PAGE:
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Posted by wmmbb in Australian Politics, Human Rights.

The treatment of refugees in off shore detention continues to witness disturbing developments. Australia has now become party to likely violations of human rights, including murder. The Prime Minister does not know what is going on, and the Cabinet process appears broken.

It is useful to reflect that the former government of Kevin Rudd set up “new arrangements” which Sharon Bird explained on 26 August 2013:

. . . asylum seekers who now arrive by boat will have their claims for asylum processed in either PNG or Nauru, and if they are found to be refugees will be settled in PNG or Nauru.

Asylum seekers will be transferred to either PNG or Nauru following a short health, security and identify checks in Australia, and will be housed in regional processing centres that are managed and administered by the host country under local law with support from Australia.”

Implicitly the administration of local law would be acceptable to Australia and consistent Australia’s international legal obligations, including the relevant conventions on human rights and refugees. The argument concerning whether people are judged to be refugees or “economic migrants” is completely bogus. They are brothers and sisters. They have rights as human beings. The cruelty that the Australian Government is countenancing is evidence of moral decrepitude, if not criminal behavior.

It is clear that the former Government set the conditions for the asylum seekers incarceration. The current Government is responsible for consenting and supporting the PNG Government’s actions. In The Sydney Morning Herald, Michael Gordon reports:

The Abbott government was consulted and strongly backed the decision of the Papua New Guinea government to shut down a human rights inquiry into the Manus Island detention centre, Fairfax Media has been told.

PNG’s Minister for Foreign Affairs and Immigration, Rimbink Pato, has also confirmed that the two governments would move to deny access of a human rights lawyer to the centre on Monday.
“It’s a joint effort. We’re the best judges in terms of what’s happening on the ground, but we’re in concert because this is a partnership. We’re together,” he said in an exclusive interview. He said Immigration Minister Scott Morrison and Foreign Minister Julie Bishop shared his concern that the inquiry carried dangers and should be challenged. “They were concerned as well that we should do something like this. It’s a joint thing.”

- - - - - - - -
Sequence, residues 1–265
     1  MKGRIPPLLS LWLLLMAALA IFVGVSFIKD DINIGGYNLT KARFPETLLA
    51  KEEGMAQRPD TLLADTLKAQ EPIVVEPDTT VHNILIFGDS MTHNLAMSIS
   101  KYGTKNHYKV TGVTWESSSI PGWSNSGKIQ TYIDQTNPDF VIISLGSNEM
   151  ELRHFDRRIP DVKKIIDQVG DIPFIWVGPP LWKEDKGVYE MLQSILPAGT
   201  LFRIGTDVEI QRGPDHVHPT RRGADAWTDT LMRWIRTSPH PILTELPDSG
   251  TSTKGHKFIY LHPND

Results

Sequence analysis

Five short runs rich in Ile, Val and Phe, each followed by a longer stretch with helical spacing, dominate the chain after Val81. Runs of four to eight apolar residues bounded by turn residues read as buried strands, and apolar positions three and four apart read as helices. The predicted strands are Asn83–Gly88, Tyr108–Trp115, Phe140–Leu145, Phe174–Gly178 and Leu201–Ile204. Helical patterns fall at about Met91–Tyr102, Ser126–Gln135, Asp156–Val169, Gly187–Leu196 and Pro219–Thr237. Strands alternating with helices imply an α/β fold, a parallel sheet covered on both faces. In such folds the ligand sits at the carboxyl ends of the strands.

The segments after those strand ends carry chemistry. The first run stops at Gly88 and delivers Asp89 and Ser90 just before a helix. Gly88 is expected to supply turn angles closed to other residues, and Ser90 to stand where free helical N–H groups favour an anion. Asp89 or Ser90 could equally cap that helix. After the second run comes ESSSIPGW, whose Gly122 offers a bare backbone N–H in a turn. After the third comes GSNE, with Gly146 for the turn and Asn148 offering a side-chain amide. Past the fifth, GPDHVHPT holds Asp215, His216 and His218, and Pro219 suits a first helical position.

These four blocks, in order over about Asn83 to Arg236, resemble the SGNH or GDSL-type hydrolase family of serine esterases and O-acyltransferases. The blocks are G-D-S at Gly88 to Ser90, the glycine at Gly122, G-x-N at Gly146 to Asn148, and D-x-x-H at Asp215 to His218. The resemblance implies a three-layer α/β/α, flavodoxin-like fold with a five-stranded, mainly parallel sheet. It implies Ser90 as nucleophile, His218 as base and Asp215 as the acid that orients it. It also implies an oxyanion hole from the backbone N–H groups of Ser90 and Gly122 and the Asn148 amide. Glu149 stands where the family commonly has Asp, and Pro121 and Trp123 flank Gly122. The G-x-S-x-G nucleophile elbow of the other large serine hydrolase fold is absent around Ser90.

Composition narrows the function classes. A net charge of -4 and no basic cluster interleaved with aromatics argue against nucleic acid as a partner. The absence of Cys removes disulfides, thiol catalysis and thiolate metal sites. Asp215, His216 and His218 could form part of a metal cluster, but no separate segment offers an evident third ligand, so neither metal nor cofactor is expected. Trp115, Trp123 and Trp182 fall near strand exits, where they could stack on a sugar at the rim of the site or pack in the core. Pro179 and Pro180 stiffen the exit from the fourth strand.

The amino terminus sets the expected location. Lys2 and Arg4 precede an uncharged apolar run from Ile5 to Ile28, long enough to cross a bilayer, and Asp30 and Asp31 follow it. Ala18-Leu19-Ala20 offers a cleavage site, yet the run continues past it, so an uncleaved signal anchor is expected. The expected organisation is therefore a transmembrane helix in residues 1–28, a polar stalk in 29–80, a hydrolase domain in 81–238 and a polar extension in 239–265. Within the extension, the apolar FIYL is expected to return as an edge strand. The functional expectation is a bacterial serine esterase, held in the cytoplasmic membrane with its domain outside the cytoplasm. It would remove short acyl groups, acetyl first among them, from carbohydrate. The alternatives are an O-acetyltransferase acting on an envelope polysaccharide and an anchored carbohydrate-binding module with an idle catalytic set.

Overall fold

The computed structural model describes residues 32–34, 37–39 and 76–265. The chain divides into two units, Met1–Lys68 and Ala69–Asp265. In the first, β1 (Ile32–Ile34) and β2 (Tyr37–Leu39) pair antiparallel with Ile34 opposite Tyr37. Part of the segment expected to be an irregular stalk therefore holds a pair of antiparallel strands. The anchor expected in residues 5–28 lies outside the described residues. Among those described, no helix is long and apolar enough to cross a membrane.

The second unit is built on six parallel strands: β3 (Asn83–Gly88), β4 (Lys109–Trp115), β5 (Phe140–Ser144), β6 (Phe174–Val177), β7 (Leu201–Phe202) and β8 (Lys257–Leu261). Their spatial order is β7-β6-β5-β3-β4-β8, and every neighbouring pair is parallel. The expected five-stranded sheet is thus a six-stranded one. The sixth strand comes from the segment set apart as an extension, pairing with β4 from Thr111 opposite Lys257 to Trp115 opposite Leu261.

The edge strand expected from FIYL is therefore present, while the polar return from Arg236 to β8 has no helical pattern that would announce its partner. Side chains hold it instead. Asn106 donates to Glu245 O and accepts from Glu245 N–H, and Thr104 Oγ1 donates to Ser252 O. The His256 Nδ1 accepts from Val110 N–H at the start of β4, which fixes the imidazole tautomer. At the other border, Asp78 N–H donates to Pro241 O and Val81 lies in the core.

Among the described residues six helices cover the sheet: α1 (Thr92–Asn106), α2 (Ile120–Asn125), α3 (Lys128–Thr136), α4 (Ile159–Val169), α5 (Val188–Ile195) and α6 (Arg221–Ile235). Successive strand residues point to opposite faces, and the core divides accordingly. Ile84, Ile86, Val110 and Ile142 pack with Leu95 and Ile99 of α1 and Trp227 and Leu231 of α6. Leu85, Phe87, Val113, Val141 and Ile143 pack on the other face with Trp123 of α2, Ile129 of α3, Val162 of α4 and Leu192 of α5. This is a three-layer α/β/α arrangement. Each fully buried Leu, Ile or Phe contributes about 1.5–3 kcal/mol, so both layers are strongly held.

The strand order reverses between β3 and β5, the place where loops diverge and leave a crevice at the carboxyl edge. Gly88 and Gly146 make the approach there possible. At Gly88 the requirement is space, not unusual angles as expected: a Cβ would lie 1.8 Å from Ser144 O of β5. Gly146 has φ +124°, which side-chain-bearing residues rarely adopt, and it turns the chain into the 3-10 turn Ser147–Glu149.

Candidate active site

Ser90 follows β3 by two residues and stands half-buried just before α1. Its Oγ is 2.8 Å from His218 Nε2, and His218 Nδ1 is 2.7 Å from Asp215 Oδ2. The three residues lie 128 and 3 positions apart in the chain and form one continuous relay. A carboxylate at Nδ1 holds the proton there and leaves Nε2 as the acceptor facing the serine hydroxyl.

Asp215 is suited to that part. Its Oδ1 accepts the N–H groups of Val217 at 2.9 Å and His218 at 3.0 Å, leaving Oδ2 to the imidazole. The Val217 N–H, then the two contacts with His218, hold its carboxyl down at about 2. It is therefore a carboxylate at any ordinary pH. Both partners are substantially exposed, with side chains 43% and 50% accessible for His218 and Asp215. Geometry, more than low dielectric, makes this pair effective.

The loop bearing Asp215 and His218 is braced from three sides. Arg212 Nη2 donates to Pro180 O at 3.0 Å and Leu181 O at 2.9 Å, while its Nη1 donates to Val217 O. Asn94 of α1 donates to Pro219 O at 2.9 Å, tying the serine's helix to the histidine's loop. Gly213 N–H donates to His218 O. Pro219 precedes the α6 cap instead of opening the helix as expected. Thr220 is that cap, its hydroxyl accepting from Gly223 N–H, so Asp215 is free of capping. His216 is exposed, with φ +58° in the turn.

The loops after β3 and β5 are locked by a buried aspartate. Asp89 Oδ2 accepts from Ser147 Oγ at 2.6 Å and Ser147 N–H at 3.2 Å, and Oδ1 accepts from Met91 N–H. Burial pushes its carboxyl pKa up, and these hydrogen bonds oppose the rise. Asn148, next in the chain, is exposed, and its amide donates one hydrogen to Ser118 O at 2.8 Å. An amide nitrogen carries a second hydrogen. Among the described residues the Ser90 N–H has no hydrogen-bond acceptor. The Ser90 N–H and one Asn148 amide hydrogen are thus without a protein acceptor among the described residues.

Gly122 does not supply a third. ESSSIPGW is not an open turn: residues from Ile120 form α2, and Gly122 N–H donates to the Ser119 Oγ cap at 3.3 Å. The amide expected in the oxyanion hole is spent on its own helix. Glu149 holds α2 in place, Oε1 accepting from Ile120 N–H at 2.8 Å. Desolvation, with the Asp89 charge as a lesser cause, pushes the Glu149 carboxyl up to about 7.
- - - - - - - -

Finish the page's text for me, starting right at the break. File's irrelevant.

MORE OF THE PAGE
Prime Minister Tony Abbott appeared unaware of the joint nature of the move, insisting to reporters on Saturday that PNG Prime Minister Peter O’Neill had not flagged it with him when they met on Friday.

Mr Pato said the government was moving on the basis that Justice David Cannings, a former human rights lawyer, was presiding over the inquiry he had initiated and that the inquiry was calling experts without complying with “proper processes under PNG law”.

The PNG Government acting in concert with the Australian Government would deny access Mr Jay Williams , a refugee lawyer, access to the facility and to abort any open inquiry into the riot by employees of the private prison contractor, the murder of an asylum seeker, Reza Barati, and the unsanitary, inhumane conditions of incarceration.

The Prime Minister is either completely vacuous, for example describing the PNG legal system as “robust”, or he is not across the briefs. It appears that the Immigration Minister and Foreign Minister are calling the shots. The Prime Minister, by this report, accepted the pre-emptive judgement of the PNG PM that “most asylum seekers interviewed so far were not “genuine refugees” but “economic migrants” “.

There does not seem to be the rule of law in process, but rather the rule of violence, with the express approval of the Australian Government. The so-called full inquiry promised by the Immigration Minister is lost in the process and intentionally so. The PNG police do not seem to report expeditiously to a coronal inquiry concerning the circumstances of Mr Berati’s death. The PM of PNG is in cohorts with Australian ministers to minimize accountability and responsibility. The Prime Minister seems oblivious to reality, and in this case it is not related to climate change.

Information is minimal. The possibility of independent reporting of the facts and circumstances are been closed off. Still the ABC was able to reported that shocking conditions inside the Manus Island centre:

The questions that we all now face as Australian citizens, responsible for the well being of our democratic principles and processes are: Do we accept this situation? What are we going to do about it, on the basis that any systematic or consistent violation of human rights is unconscionable?


Leonore Taylor reports on the same developments in The Guardian.

The immigration Minister and every member of Federal Parliament have to live with their consciences. The treatment of children in the refugee facility on Manus Island, and perhaps elsewhere, has it appears crossed the boundary of criminal negligence. Perhaps Scott Morrison should have listened to what the protesters in his office were saying.



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